UCLA visiting scholar's online distance-learning program brings new perspectives to cultural study of the Philippines.
What I'm trying to do is open the discourse to people beyond the boundaries [of the Philippines].
Priscelina Patajo-Legasto asked a roomful of UCLA students, many of whom were of Filipino descent, "Who should constitute the Filipino nation?" The complexity of this question, she explained, is what she hopes Filipiniana Online, a virtual course offered by the University of the Philippines Open University (UPOP), can begin to address.
Legasto gave a presentation about Filipiniana Online to UCLA students and faculty on Oct. 25 in an event sponsored by the UCLA Center for Southeast Asian Studies.
The Philippines' colonial history, from Spanish to American rule, and the prevalence of Filipino citizens living and working outside of the country make defining the Philippines very difficult.
"In the next few years, one-third of Filipinos will be in the diaspora," Legasto says. "But when they're here in America or Canada, they still have an understanding of what it means to be Filipino."
Legasto has a long list of projects and interests. She was a dean at the University of the Philippines Open University (UPOP) for three years and has edited or written for over twenty publications. She is a board member of the Philippine Studies Association and of the Network of Outstanding Teachers and Educators and edits the Diliman Review.
Now she wants her teaching of literature, theater, and feminist and Marxist theory to have an impact on those studying the Philippines from the United States and elsewhere. So far, the success of Filipiniana Online has been to bring high-level course work to Filipinos in remote locations in that country. The next course should also allow students from around the globe to engage with her and other scholars of Filipino culture.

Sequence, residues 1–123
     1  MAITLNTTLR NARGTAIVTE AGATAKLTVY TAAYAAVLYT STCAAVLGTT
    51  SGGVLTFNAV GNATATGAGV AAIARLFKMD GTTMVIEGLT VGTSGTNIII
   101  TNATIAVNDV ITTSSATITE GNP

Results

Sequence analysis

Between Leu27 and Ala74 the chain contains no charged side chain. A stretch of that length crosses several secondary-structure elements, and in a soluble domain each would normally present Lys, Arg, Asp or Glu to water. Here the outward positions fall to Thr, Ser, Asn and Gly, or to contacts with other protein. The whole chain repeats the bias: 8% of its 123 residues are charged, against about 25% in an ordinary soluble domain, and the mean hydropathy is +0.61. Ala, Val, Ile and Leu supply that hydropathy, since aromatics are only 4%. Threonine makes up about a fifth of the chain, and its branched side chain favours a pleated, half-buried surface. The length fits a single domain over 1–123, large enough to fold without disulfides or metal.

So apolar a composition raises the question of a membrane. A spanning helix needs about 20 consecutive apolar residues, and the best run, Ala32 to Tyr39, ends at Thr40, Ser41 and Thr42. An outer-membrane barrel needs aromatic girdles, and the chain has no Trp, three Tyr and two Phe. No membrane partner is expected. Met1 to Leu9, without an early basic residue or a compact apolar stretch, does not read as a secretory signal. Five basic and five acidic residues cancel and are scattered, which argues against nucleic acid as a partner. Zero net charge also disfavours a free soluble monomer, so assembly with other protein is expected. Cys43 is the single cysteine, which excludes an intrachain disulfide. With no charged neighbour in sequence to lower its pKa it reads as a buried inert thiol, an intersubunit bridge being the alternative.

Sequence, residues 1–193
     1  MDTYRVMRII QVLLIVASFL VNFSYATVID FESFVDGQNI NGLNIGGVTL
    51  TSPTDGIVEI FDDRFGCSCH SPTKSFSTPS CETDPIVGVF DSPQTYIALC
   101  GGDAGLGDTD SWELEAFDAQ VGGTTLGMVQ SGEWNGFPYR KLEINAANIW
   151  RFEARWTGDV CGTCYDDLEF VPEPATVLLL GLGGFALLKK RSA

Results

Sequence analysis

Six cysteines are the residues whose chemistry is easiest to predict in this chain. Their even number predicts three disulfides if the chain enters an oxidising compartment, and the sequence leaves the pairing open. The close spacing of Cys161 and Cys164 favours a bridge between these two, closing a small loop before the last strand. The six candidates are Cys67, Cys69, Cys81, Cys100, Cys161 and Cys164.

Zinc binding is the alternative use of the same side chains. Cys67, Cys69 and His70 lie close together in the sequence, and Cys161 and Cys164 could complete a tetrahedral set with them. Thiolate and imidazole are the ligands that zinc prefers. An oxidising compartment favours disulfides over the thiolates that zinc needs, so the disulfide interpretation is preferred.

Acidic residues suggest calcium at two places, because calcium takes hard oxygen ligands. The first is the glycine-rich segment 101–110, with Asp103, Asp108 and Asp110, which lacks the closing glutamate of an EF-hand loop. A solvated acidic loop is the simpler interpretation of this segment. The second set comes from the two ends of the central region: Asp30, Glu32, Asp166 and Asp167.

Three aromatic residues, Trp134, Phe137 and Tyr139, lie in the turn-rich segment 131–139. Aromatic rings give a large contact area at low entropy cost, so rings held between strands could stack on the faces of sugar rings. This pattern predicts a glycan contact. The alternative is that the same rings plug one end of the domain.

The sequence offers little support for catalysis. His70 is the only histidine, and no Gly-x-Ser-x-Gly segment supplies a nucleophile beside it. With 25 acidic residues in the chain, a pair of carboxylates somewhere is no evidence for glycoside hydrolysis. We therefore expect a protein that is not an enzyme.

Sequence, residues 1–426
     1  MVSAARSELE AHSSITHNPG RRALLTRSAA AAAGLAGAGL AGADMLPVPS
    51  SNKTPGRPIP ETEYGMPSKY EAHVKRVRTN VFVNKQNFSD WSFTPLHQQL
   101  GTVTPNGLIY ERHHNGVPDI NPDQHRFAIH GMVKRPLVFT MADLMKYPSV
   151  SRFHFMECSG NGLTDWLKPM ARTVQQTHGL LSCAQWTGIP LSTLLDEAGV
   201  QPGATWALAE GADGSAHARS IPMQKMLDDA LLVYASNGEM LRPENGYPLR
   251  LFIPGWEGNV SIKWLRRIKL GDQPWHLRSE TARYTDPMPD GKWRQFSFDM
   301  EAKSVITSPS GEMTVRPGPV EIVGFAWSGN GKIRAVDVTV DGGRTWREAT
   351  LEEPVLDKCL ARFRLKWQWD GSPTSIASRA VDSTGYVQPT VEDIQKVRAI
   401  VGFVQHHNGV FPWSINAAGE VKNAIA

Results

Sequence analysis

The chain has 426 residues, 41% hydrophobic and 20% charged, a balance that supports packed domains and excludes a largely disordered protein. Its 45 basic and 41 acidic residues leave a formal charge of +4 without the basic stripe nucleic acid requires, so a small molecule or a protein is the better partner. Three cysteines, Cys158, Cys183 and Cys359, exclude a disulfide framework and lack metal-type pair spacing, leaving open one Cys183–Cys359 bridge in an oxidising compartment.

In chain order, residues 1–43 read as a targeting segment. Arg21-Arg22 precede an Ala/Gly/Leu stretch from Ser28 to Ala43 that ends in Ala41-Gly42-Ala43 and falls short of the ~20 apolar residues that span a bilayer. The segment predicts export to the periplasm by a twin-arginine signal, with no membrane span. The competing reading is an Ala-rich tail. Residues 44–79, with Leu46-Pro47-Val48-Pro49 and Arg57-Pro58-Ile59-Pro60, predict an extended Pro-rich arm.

"What I'm trying to do is open the discourse to people beyond the boundaries" of the Philippines, she explains.
The online course was conceived in 1998, the centennial of the Philippine Republic—a fitting time for the nation to ask, or, as Legasto says, "problematize" the question "What is Filipino?"
Filipiniana Online was last offered in October 2003 for the University of the Philippine's spring semester, with Legasto at the helm. The course covered "heterogenous articulations of what is Filipino," she says. Course materials include the Filipinana Reader; the Filipinana CD-ROM, a multimedia archive of art and music; and the Filipiniana Digital Library, a guide to Filipino culture on the web. The virtual classroom is UPOP's Integrated Virtual Learning Environment.
Online discussions took place via the "Filipiniana Cafe," an electronic mail list for course participants to read and post to. Each section of the course was led by a Philippines expert in a given field—the literature section by UP Professor Neil Garcia, noted poet and literary theorist; the section on popular culture by Soledad Reyes, a prominent scholar from Ateneo de Manila University.
"It's like a production number because you have to coordinate with different professors," explains Legasto, an expert on Phillipine theater.
From the northernmost island of the Cordilleras to the Mindanao in the south, Filipino students brought in varied perspectives on what constitutes Filipiniana, says Legasto. The online discussion, Legasto hopes, will soon become and international one, bringing together Filipino diaspora from around the globe.
The course can be taken by anyone who has reliable Internet access, and graduate students enrolled in colleges or universities can earn three units. The fee for this sixteen-week course is 4,000 Philippine pesos (under US$75). Legasto hopes UPOP will offer the course again in next year's summer or spring semester and also create a credit-bearing course for undergraduates. In particular, she hopes to enroll students who are considering studying abroad as well as UC alumni who want to continue learning.
Those interested in the course may contact her via email at email@example.com.